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European Quest: More of your views

Richard Quest answers your e-mails as he travels across Europe.
Send your comments and questions to Richard Quest at
Richard Quest
• Overview: Time of change
• Timeline: WWII to present
• Map: EU membership

(CNN) -- For two weeks, Richard Quest and his team are traveling around countries about to join the European Union on May 1. We asked for your views. Richard's replies are in italics.

I live in Germany, an Englishman in Munich. Many of my friends here are worried about the influx of cheap labor from the new members of EU. Whilst many measures may stop this fear ... there is still the labor black market and also the definite increase in child labor and prostitution. Many Germans travel to these countries for cheap medical treatments as well as cheaper goods and services. Do you think there will be a huge price increase in these areas and will it be passed to the people or will the poor/rich gap grow bigger? My biggest fear is the security of these countries. Will they be a back door to non-member countries? Will the UK etc. find themselves with a greater problem of illegal immigrants or terrorists? Karl Pemberton, Munich

Richard replies: Let me take your questions one at a time: 1. Black/informal labour market. Cynics say all that will happen is that the illegals become legal. Under the new EU, The transition arrangements in existing countries are designed to prevent those travelling without jobs. No doubt many will travel without and become de factor illegal workers in other countries but the numbers are likely to be much less than forcast . 2. I have read a lot about price increases but still no-one has managed to explain to me WHY this is likely to happen. Because any price increases that do filter through will probably in time be countered by competition. (yes, EU social programmes and regulations will add some costs to employers etc but this is vastly overstated b the EU's critics.) This is NOT like the introduction of the EURO when there was huge potential for price gouging. These countries are already operating as democratic, capitalist economies and the entry to the single market should keep prices under control, not the other way round 3. The EU has spend hundreds of millions of Euro's helping the new countries secure their borders. And bluntly. Probably much more will need to be spent. Which is why it wil still be some years before the new countries can join Schengen (the bordless internal EU) So you will still need passports when travelling between the New countries and the Old EU. The border problem is being solved, but is probably not there yet.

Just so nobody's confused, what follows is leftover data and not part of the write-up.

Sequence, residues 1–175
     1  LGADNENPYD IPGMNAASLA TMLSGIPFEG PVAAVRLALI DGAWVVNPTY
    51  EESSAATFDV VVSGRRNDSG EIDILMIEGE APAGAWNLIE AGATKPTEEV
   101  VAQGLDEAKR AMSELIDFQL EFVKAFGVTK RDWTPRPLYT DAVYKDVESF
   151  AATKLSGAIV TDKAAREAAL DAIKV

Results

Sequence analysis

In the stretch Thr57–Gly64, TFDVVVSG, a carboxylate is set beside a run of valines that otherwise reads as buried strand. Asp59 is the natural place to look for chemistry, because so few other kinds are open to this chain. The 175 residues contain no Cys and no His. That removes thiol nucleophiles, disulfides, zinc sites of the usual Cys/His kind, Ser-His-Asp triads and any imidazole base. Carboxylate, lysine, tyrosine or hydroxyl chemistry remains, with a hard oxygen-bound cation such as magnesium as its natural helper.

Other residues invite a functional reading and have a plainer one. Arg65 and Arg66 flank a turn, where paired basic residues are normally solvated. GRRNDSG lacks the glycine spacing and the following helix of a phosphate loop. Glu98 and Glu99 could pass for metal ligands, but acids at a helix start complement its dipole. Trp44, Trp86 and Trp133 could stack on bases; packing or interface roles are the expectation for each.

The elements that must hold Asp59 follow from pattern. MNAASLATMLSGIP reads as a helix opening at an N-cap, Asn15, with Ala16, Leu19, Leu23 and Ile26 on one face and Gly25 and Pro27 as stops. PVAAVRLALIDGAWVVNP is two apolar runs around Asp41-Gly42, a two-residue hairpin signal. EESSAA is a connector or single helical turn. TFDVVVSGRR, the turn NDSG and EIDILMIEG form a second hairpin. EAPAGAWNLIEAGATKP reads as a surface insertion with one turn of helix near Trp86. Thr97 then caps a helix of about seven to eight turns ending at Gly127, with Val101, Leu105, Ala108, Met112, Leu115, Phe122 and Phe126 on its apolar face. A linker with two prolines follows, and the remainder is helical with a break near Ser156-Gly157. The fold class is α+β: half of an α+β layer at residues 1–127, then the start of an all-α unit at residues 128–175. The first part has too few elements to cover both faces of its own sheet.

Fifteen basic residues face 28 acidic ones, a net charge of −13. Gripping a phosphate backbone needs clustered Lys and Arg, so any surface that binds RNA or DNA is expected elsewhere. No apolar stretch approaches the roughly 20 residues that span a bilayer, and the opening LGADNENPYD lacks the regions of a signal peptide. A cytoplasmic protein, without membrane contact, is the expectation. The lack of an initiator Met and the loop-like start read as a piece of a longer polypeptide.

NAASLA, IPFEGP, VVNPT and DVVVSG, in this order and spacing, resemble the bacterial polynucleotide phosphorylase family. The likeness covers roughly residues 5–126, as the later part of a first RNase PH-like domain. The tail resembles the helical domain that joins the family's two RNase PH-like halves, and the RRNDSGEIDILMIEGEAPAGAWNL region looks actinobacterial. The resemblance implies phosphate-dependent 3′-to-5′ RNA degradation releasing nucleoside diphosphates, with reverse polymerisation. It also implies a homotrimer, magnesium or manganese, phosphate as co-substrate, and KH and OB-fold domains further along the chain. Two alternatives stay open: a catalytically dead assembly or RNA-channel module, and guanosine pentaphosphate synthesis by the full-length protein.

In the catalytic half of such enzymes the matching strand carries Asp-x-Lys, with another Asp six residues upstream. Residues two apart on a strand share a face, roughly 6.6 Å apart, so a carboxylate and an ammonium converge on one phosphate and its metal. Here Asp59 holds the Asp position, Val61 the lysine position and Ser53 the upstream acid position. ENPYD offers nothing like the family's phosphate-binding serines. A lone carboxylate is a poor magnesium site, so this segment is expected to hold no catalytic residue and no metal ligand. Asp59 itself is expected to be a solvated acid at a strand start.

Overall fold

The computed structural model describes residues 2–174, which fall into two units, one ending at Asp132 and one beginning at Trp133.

There is a lot of concern about people in the new EU states moving westward for better jobs. What about people in the West moving eastward? I first moved to Estonia in 8 years ago in May '96 and loved it. I went back to Washington D.C. for a job from April 2002 and returned to Tallinn in August 2003. My job is the same as it was in D.C. ... but my standard of living is higher and lifestyle is much better here. You wouldn't believe the difference between my flat in Georgetown and here in Tallinn. I know of many people who left their life in the U.S., UK and Australia for the Baltics and several more that are trying. Now that you have spent some time in the Baltics, Czech, Hungary, Slovenia and the others, do you think there will more of a trend of Westerners moving here for a more relaxed lifestyle now that these countries are part of the EU? Nagemist ("so long" in Estonian), Chuck Czepyha, Tallinn